The GSM Association, which represents GSM operators and equipment companies worldwide, predicted that India will have 367 million (36.7 crore) mobile broadband connections by 2016.
India currently has a total of around 20-30 million broadband connections, including about 13 million DSL connections. The exact number of broadband connections in India is not known, as 3G connections, when used with a computer, also qualify as broadband (mobile broadband.)
GSMA estimates around 10 million (1 crore) HSPA 3.5G connections in the country at present, though it is not clear if all of them double as broadband access points.
India is on the cusp of a boom in broadband connections with the expected launch of 4G networks in the second half of the year. Bharti Airtel has already hired Nokia Siemens Networks to set up a state-of-the-art TD-LTE network in Maharashtra, to be ready by the end of the year.
Infotel, which has no broadband customers yet, is set to emerge as India’s biggest broadband provider in a little more than a year from now. The company is the only one that has India-wide spectrum for rolling out 4G broadband services, and is expected to reveal its ambitious plans in a few months.
India has one of the lowest penetration of broadband services anywhere in the world due to a traditionally weak land-line market. India has only around 32 million landphone connections, despite having a population of more than 1300 million.
Only about a third of the land-line connections are used for accessing broadband, leading to a DSL penetration level of less than 1%.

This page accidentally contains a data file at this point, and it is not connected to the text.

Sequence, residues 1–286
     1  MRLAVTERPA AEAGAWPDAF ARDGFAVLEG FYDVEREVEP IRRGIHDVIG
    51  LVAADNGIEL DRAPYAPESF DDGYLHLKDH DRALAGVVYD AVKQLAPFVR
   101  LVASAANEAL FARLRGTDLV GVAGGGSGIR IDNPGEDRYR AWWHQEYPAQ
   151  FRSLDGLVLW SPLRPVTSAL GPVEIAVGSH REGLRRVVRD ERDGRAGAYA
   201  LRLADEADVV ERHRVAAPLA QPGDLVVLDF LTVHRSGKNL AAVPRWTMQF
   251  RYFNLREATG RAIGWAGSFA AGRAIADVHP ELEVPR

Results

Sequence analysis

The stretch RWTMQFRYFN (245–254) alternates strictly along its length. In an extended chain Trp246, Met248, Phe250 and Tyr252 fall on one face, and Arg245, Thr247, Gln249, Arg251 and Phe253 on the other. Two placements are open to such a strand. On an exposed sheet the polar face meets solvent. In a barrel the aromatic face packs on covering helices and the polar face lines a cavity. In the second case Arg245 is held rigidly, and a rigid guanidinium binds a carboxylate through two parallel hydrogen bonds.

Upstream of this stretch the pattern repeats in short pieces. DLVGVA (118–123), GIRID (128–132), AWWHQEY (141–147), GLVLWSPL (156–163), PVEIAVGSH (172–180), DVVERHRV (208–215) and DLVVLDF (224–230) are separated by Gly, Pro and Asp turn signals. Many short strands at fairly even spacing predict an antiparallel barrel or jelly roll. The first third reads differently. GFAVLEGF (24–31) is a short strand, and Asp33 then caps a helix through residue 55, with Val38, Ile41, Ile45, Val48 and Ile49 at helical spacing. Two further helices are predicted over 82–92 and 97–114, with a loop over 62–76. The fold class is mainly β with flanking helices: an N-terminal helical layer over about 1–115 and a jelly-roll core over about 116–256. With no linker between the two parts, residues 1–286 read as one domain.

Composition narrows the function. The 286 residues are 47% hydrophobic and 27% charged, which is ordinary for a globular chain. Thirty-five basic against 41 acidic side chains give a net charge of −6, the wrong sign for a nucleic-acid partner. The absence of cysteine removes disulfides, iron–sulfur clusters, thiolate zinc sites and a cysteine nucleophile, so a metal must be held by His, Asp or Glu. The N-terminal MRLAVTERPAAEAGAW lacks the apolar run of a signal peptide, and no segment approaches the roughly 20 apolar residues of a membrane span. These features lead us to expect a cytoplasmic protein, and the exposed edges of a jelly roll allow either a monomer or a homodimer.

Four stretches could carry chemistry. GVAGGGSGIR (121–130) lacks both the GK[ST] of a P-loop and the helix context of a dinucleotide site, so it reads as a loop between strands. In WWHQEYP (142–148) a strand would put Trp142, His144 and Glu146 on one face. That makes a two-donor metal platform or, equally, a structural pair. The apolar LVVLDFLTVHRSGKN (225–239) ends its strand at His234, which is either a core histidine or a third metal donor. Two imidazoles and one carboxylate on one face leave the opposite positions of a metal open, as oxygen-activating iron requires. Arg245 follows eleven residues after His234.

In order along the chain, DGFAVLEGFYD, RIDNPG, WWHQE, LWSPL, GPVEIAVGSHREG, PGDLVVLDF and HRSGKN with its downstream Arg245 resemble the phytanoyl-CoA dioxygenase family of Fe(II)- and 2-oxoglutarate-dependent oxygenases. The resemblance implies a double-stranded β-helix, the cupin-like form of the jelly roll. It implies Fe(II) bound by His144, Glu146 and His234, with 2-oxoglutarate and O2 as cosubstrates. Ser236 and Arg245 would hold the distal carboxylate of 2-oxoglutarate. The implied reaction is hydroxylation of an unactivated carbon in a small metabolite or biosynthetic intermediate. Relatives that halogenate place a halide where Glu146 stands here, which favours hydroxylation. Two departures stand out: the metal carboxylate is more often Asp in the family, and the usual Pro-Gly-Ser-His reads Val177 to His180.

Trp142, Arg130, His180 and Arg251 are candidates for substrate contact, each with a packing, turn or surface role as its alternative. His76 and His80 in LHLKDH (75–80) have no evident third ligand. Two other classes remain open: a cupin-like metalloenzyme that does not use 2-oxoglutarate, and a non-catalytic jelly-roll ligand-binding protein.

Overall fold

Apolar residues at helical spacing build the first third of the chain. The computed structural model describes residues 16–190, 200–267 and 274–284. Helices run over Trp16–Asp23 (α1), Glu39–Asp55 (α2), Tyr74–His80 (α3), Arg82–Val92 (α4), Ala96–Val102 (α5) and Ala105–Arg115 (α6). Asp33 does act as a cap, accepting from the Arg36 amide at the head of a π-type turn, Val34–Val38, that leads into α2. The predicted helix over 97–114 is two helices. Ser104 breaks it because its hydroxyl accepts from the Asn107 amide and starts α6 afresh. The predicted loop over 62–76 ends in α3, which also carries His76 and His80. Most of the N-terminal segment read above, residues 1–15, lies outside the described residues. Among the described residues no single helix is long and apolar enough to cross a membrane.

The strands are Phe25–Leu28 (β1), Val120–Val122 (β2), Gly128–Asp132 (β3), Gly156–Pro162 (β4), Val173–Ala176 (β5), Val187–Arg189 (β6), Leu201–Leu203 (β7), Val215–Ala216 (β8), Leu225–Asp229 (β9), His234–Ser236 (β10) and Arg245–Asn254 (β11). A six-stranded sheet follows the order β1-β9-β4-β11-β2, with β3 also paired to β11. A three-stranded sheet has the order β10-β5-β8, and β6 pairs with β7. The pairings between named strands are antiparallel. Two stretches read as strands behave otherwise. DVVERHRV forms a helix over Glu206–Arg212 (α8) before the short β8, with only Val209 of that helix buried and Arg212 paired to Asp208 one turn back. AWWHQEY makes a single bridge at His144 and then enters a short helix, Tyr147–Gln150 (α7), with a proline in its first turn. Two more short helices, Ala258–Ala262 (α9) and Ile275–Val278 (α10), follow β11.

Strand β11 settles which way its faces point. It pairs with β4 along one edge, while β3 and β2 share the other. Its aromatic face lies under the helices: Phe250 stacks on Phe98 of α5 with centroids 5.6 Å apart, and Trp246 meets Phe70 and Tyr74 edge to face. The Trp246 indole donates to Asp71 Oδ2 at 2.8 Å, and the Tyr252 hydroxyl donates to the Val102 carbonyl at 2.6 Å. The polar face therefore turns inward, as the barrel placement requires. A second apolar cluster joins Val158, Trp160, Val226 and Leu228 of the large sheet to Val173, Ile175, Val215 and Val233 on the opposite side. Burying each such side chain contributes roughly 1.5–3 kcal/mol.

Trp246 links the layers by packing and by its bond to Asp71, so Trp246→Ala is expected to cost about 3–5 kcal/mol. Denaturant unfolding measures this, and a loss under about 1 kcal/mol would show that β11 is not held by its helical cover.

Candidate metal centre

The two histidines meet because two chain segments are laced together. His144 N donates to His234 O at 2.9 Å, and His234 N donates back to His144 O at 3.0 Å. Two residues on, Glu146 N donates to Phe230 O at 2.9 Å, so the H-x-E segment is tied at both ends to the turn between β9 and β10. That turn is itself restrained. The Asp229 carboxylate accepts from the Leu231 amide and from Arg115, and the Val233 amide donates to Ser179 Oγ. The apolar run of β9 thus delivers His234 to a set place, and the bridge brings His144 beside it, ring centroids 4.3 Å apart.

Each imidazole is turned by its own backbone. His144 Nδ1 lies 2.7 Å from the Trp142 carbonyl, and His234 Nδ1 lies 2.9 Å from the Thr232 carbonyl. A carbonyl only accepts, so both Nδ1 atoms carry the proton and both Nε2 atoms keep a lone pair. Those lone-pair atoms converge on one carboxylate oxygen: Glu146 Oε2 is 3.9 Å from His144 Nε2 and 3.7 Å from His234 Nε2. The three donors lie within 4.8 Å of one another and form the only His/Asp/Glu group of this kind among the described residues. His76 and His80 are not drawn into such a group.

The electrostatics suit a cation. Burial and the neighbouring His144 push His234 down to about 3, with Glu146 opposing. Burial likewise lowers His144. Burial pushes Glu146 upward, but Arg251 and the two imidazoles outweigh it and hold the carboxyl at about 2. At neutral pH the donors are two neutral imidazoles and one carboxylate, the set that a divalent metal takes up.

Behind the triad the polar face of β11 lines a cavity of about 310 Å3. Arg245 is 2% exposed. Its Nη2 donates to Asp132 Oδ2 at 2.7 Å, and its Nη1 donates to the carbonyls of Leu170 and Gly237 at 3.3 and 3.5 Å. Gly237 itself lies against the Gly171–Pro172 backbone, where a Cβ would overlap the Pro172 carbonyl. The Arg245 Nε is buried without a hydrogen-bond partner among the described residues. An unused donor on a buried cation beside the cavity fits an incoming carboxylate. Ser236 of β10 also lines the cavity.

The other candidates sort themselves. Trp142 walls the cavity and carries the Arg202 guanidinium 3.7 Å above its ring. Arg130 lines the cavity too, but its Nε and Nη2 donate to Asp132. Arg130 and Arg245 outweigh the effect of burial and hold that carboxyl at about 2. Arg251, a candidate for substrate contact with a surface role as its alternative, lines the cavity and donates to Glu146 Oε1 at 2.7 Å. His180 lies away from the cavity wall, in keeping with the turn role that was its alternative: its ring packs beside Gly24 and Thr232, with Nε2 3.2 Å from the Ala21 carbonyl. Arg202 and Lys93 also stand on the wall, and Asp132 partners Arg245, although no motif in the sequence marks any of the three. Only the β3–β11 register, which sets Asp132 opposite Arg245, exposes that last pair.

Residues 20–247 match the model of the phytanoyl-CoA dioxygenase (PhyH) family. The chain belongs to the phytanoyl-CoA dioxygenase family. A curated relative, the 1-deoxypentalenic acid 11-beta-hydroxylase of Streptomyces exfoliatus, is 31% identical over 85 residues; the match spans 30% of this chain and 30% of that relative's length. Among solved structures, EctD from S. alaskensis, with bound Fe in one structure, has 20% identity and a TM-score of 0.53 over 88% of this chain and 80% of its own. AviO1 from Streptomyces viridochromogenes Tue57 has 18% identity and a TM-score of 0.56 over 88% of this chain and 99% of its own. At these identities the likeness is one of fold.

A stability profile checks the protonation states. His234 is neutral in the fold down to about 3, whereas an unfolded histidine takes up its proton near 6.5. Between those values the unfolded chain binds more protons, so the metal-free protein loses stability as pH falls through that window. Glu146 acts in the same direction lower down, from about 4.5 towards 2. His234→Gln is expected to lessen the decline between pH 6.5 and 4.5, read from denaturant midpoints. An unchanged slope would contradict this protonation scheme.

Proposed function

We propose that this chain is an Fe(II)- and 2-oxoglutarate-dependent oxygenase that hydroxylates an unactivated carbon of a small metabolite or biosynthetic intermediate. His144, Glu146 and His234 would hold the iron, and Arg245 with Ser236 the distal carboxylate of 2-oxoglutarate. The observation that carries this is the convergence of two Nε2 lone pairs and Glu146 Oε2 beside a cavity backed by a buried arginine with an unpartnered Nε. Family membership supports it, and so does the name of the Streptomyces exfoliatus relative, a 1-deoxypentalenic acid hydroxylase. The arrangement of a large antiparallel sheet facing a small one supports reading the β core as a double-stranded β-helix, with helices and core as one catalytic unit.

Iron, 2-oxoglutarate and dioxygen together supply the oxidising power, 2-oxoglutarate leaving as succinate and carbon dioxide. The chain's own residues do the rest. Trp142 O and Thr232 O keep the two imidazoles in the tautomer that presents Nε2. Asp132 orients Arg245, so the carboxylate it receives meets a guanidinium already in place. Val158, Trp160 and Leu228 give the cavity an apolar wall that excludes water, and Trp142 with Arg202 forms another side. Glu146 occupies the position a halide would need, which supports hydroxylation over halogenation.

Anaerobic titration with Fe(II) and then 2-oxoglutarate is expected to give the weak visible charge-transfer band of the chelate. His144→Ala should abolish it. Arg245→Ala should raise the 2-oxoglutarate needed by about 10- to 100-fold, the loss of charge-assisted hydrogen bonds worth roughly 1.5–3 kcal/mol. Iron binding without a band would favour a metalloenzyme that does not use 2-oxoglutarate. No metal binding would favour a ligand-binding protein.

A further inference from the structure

It is all set to change, with the advent of mobile broadband.
The HSPA-based connections alone are expected to grow to 100 million (10 crore) by 2014, GSMA said. “This will make India the largest HSPA market worldwide within the next two years, surpassing China, Japan and the US in the process,” it added.
HSPA currently provides an on-the-ground speed of about 2 Mbps in India, while LTE and Wimax are expected to take it to about 10-20 Mbps.
With an average retail price of US$500, the cost of an LTE smartphone is four times the average monthly GDP per capita in India, and at an average of US$200, the retail price of an LTE USB dongle is twice an Indian’s monthly income on average4. As LTE networks proliferate worldwide and more devices become available, costs will come down.
Bharti Airtel is keen on the government releasing further 4G spectrum this year, allowing it to complete its pan-India spectrum coverage and roll-out nationwide 4G services. The government too has indicated that further 4G spectrum auction will happen later this year.